# Bispherical coordinates

Bispherical coordinates are a three-dimensional orthogonal coordinate system that results from rotating the two-dimensional bipolar coordinate system about the axis that connects the two foci. Thus, the two foci $F_{1}$ and $F_{2}$ in bipolar coordinates remain points (on the $z$ -axis, the axis of rotation) in the bispherical coordinate system.

## Definition

The most common definition of bispherical coordinates $(\sigma ,\tau ,\phi )$ is

$x=a\ {\frac {\sin \sigma }{\cosh \tau -\cos \sigma }}\cos \phi$ $y=a\ {\frac {\sin \sigma }{\cosh \tau -\cos \sigma }}\sin \phi$ $z=a\ {\frac {\sinh \tau }{\cosh \tau -\cos \sigma }}$ where the $\sigma$ coordinate of a point $P$ equals the angle $F_{1}PF_{2}$ and the $\tau$ coordinate equals the natural logarithm of the ratio of the distances $d_{1}$ and $d_{2}$ to the foci

$\tau =\ln {\frac {d_{1}}{d_{2}}}$ ### Coordinate surfaces

Surfaces of constant $\sigma$ correspond to intersecting tori of different radii

$z^{2}+\left({\sqrt {x^{2}+y^{2}}}-a\cot \sigma \right)^{2}={\frac {a^{2}}{\sin ^{2}\sigma }}$ that all pass through the foci but are not concentric. The surfaces of constant $\tau$ are non-intersecting spheres of different radii

$\left(x^{2}+y^{2}\right)+\left(z-a\coth \tau \right)^{2}={\frac {a^{2}}{\sinh ^{2}\tau }}$ that surround the foci. The centers of the constant-$\tau$ spheres lie along the $z$ -axis, whereas the constant-$\sigma$ tori are centered in the $xy$ plane.

### Inverse formulae

The formulae for the inverse transformation are:

$\sigma =\arccos \left({\dfrac {R^{2}-a^{2}}{Q}}\right)$ $\tau =\operatorname {arsinh} \left({\dfrac {2az}{Q}}\right)$ $\phi =\operatorname {atan} \left({\dfrac {y}{x}}\right)$ where $R={\sqrt {x^{2}+y^{2}+z^{2}}}$ and $Q={\sqrt {(R^{2}+a^{2})^{2}-(2az)^{2}}}.$ ### Scale factors

The scale factors for the bispherical coordinates $\sigma$ and $\tau$ are equal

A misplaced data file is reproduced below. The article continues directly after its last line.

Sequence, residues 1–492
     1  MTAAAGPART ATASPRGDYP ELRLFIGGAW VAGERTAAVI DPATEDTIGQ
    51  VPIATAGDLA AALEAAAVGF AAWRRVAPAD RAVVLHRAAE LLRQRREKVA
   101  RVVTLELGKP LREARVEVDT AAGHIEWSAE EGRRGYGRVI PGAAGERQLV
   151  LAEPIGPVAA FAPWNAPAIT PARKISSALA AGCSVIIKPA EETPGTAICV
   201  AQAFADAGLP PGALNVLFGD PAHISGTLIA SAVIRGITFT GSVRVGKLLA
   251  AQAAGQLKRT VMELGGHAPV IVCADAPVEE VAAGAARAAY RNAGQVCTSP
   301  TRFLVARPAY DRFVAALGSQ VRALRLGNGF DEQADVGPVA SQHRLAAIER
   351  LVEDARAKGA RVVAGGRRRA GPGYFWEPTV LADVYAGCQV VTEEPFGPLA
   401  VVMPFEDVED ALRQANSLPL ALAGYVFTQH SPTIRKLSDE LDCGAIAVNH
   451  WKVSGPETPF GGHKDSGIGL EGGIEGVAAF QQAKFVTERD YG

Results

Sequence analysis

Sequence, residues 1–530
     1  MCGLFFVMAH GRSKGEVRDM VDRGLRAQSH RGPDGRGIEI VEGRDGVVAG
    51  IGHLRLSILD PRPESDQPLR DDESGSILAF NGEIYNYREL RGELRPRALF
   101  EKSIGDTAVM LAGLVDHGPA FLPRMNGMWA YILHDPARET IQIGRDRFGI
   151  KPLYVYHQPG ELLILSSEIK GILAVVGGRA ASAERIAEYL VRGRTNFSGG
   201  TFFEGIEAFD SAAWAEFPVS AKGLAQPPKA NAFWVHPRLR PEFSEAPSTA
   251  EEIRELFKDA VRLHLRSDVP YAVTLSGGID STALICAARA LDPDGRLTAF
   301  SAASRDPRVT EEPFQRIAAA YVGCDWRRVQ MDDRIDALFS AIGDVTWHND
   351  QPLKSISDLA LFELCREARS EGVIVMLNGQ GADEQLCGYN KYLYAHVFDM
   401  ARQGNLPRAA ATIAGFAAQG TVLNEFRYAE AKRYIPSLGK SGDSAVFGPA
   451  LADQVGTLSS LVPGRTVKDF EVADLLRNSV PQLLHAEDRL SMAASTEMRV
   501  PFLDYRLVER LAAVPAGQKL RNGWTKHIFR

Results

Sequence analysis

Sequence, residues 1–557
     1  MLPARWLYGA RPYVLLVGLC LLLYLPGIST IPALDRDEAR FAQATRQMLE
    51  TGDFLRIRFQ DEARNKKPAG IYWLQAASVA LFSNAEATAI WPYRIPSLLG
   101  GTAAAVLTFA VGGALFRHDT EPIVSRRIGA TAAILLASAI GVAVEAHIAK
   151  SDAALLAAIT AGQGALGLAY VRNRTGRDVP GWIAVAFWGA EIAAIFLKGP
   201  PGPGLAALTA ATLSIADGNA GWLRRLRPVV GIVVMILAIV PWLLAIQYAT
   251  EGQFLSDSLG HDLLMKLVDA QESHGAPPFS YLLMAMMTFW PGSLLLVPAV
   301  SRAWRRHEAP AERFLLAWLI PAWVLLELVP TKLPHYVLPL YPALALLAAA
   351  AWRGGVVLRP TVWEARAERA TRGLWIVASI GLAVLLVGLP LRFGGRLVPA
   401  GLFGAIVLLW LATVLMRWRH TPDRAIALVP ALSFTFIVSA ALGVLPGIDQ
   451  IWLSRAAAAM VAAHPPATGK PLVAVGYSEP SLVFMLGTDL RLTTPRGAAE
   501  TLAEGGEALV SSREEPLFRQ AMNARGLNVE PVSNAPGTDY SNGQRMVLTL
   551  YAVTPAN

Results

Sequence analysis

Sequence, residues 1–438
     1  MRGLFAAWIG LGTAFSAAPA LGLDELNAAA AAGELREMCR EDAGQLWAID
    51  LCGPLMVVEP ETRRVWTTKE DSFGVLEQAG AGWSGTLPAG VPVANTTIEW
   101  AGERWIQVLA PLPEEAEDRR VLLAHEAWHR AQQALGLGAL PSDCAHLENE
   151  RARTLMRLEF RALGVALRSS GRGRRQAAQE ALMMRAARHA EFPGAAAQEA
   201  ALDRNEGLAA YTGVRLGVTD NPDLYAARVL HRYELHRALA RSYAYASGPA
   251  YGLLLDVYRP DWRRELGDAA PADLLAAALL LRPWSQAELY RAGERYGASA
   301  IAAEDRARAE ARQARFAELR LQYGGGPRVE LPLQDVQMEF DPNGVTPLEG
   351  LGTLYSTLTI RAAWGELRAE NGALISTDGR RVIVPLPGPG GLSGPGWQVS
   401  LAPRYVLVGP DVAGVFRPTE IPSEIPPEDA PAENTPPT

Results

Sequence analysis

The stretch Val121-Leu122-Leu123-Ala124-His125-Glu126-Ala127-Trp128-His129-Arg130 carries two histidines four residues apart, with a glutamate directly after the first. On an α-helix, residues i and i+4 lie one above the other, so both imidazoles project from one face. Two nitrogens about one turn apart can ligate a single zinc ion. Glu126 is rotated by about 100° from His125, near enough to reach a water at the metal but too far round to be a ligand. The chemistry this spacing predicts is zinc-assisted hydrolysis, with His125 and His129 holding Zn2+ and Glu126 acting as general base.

$h_{\sigma }=h_{\tau }={\frac {a}{\cosh \tau -\cos \sigma }}$ whereas the azimuthal scale factor equals

$h_{\phi }={\frac {a\sin \sigma }{\cosh \tau -\cos \sigma }}$ Thus, the infinitesimal volume element equals

$dV={\frac {a^{3}\sin \sigma }{\left(\cosh \tau -\cos \sigma \right)^{3}}}\,d\sigma \,d\tau \,d\phi$ and the Laplacian is given by

{\begin{aligned}\nabla ^{2}\Phi ={\frac {\left(\cosh \tau -\cos \sigma \right)^{3}}{a^{2}\sin \sigma }}&\left[{\frac {\partial }{\partial \sigma }}\left({\frac {\sin \sigma }{\cosh \tau -\cos \sigma }}{\frac {\partial \Phi }{\partial \sigma }}\right)\right.\\[8pt]&{}\quad +\left.\sin \sigma {\frac {\partial }{\partial \tau }}\left({\frac {1}{\cosh \tau -\cos \sigma }}{\frac {\partial \Phi }{\partial \tau }}\right)+{\frac {1}{\sin \sigma \left(\cosh \tau -\cos \sigma \right)}}{\frac {\partial ^{2}\Phi }{\partial \phi ^{2}}}\right]\end{aligned}} Other differential operators such as $\nabla \cdot \mathbf {F}$ and $\nabla \times \mathbf {F}$ can be expressed in the coordinates $(\sigma ,\tau )$ by substituting the scale factors into the general formulae found in orthogonal coordinates.

## Applications

The classic applications of bispherical coordinates are in solving partial differential equations, e.g., Laplace's equation, for which bispherical coordinates allow a separation of variables. However, the Helmholtz equation is not separable in bispherical coordinates. A typical example would be the electric field surrounding two conducting spheres of different radii.

## Bibliography

• Morse PM, Feshbach H (1953). Methods of Theoretical Physics, Part I. New York: McGraw-Hill. pp. 665–666.
• Korn GA, Korn TM (1961). Mathematical Handbook for Scientists and Engineers. New York: McGraw-Hill. p. 182. LCCN 59014456.
• Zwillinger D (1992). Handbook of Integration. Boston, MA: Jones and Bartlett. p. 113. ISBN 0-86720-293-9.
• Moon PH, Spencer DE (1988). "Bispherical Coordinates (η, θ, ψ)". Field Theory Handbook, Including Coordinate Systems, Differential Equations, and Their Solutions (corrected 2nd ed., 3rd print ed.). New York: Springer Verlag. pp. 110–112 (Section IV, E4Rx). ISBN 0-387-02732-7.